Updated 22 September 2015

Pregnancy ultrasound

Ultrasound is high-frequency sound that is generated electronically by a machine and special crystals in a probe.


Alternative names:

Foetal scanning, obstetric scanning or pregnancy scan.

What is obstetric ultrasound in pregnancy?

Ultrasound is high-frequency sound that is generated electronically by a machine and special crystals in a probe. The sound travels through your body, and bounces off different tissues and back to a receiver on the same probe. These sound waves are interpreted into a digital image. Ultrasound is not the same as X-ray, and does not make use of ionising radiation.

What is it used for?

In pregnancy, ultrasound examination is used to examine your uterus and the contents thereof, including the foetus and placenta.

Many observations are made during pregnancy. The ultrasound is used to confirm that the pregnancy is in the right place, inside the uterus, as opposed to an ectopic pregnancy where the foetus has implanted in an abnormal area. Other findings of importance are:

  • to establish the presence of a living embryo/foetus,
  • determine if there are multiple pregnancies,
  • estimate the age of the pregnancy,
  • diagnose congenital abnormalities,
  • evaluate the position of the baby,
  • evaluate the placenta, including its position,
  • determine the amount of amniotic fluid around the baby, and
  • evaluate the cervix for opening or shortening thereof.

The first scan that you may have is at about six week's gestation. Apart from checking the above, this scan is particularly used to estimate the gestational age of the foetus. This will help predict the birth date of your baby.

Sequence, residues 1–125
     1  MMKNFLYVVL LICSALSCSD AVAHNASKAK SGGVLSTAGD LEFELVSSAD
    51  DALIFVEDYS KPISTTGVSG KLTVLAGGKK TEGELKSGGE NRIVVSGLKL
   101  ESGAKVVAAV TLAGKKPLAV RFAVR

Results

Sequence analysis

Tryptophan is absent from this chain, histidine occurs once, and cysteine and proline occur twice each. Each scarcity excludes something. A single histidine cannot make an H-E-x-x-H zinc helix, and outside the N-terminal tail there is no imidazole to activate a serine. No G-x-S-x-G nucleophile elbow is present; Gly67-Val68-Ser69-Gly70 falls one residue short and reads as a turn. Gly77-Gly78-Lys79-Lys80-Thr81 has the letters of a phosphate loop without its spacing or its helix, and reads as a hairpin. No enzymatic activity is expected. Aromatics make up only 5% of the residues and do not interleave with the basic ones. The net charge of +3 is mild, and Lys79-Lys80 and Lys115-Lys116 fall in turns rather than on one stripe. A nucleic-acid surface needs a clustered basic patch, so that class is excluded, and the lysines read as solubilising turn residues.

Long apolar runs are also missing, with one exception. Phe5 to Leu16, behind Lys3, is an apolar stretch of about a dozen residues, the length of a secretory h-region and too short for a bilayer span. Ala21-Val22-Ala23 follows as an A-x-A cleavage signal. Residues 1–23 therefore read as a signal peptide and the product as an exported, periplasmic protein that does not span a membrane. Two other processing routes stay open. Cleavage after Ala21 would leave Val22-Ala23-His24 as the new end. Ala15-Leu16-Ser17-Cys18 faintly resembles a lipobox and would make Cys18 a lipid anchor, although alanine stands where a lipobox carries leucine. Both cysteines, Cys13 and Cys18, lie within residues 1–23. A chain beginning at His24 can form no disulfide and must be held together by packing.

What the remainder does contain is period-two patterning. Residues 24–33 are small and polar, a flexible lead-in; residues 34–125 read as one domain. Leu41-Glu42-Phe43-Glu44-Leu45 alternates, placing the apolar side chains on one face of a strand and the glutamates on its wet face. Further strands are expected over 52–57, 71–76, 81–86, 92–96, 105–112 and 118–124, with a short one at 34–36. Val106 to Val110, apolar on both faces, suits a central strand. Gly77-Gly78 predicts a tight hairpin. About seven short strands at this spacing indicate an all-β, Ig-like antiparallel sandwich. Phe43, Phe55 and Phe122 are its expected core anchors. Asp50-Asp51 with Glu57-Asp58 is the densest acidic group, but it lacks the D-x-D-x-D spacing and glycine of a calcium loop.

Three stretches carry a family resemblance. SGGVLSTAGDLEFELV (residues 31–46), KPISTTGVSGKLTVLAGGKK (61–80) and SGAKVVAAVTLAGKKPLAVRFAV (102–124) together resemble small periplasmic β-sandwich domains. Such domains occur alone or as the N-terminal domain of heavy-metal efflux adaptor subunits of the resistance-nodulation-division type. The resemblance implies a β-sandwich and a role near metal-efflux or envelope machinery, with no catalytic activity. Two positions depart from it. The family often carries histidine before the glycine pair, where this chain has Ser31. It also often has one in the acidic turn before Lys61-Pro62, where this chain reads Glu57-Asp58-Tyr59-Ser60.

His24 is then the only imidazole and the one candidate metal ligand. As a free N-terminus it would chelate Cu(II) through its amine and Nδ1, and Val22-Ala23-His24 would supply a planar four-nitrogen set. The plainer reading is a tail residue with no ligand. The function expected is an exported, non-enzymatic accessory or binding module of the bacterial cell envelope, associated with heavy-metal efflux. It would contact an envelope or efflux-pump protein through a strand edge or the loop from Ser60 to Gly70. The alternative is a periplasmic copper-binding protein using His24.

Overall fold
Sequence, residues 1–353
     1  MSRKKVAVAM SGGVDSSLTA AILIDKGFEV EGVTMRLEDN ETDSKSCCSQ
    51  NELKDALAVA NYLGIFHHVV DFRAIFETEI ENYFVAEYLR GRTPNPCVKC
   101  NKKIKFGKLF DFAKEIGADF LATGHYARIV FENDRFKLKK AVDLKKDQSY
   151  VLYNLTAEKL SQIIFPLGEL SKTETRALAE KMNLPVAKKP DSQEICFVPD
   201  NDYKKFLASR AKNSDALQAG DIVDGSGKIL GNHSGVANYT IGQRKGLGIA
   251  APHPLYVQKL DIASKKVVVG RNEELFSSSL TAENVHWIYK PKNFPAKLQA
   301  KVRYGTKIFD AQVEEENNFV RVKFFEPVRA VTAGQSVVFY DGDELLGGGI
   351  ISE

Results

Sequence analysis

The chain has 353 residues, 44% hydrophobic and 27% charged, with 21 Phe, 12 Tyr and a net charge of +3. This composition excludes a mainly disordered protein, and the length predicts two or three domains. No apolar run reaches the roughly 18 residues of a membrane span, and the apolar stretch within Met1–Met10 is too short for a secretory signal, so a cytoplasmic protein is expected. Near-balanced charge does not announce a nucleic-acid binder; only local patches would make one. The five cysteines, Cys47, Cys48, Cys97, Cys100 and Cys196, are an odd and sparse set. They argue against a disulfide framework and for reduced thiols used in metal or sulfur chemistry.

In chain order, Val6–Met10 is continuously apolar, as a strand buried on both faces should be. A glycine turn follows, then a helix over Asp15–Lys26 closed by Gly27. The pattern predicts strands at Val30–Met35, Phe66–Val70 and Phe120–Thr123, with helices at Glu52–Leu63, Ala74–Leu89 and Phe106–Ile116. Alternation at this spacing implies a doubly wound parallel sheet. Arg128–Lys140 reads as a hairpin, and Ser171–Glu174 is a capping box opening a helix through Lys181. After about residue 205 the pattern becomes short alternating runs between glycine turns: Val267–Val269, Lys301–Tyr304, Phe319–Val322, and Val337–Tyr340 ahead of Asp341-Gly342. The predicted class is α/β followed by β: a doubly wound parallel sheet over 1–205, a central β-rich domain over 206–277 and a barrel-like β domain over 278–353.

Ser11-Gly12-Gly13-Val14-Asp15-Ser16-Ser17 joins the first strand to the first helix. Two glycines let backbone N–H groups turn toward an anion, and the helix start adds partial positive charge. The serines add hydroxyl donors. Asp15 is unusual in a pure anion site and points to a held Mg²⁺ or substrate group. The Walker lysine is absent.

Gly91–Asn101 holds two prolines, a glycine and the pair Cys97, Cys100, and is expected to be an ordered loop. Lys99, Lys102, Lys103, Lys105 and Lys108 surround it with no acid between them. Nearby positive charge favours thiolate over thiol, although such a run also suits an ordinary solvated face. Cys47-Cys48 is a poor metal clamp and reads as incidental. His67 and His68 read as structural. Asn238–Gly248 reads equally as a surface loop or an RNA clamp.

The next scan, usually at about 12 weeks, is another measurement scan to check dates and monitor growth. The first checks for abnormalities are also done at this time.

The scan to follow is the 20-week scan; this is done as a detailed check for abnormalities. All organ systems are checked, and the sex of the child can be assessed.

How should I prepare?

Wear loose-fitting clothing, as the examiner needs to have access to your abdomen. You may be asked to wear a gown. If it is early in your pregnancy, you may be requested to have a full bladder for the examination. After about three months, a full bladder is usually no longer required.

How is the procedure performed?

As you lie on the examination table, the radiologist or sonographer will spread warm gel on your skin and press the transducer firmly against your body, moving it back and forth over the area of interest until the desired images are captured. They will regularly stop to measure the size of the foetus. The examinations are by and large painless, fast and easy. Occasionally a transvaginal ultrasound examination will be required. During this exam an ultrasound probe is inserted into the vagina and the images are acquired this way. For further information on this, read Pelvic Ultrasound.

Are there any risks?

There has not been one documented case of damage to either a child or mother as a result of the ultrasound examination. Occasionally it has been noted that the examination seems to wake the sleeping foetus, but nothing else has been reported. The benefits of these examinations are extensive.

Are there any limitations?

Ultrasound scanning cannot detect all foetal abnormalities. In cases where abnormality is suspected but not detected ultrasonographically, you may require further testing like amniocentesis or chorionic villus sampling.

What will happen with the results of the examination?

Before the scan is performed, you will be asked if you want to know any of the results. The doctor who referred you for the examination will discuss the results with you after the scan.

Is it confidential?

Yes, like all medical examinations, your name, medical condition, and any particulars of your life are not to be made public in any way. The person performing the scan may record on paper, or digitally on the machine hard-drive, certain pictures to help them or colleagues remember the aspect they were interested in.


Read Health24’s Comments Policy

Comment on this story
Comments have been closed for this article.

Live healthier

Exercise benefits for seniors »

Working out in the concrete jungle Even a little exercise may help prevent dementia Here’s an unexpected way to boost your memory: running

Seniors who exercise recover more quickly from injury or illness

When sedentary older adults got into an exercise routine, it curbed their risk of suffering a disabling injury or illness and helped them recover if anything did happen to them.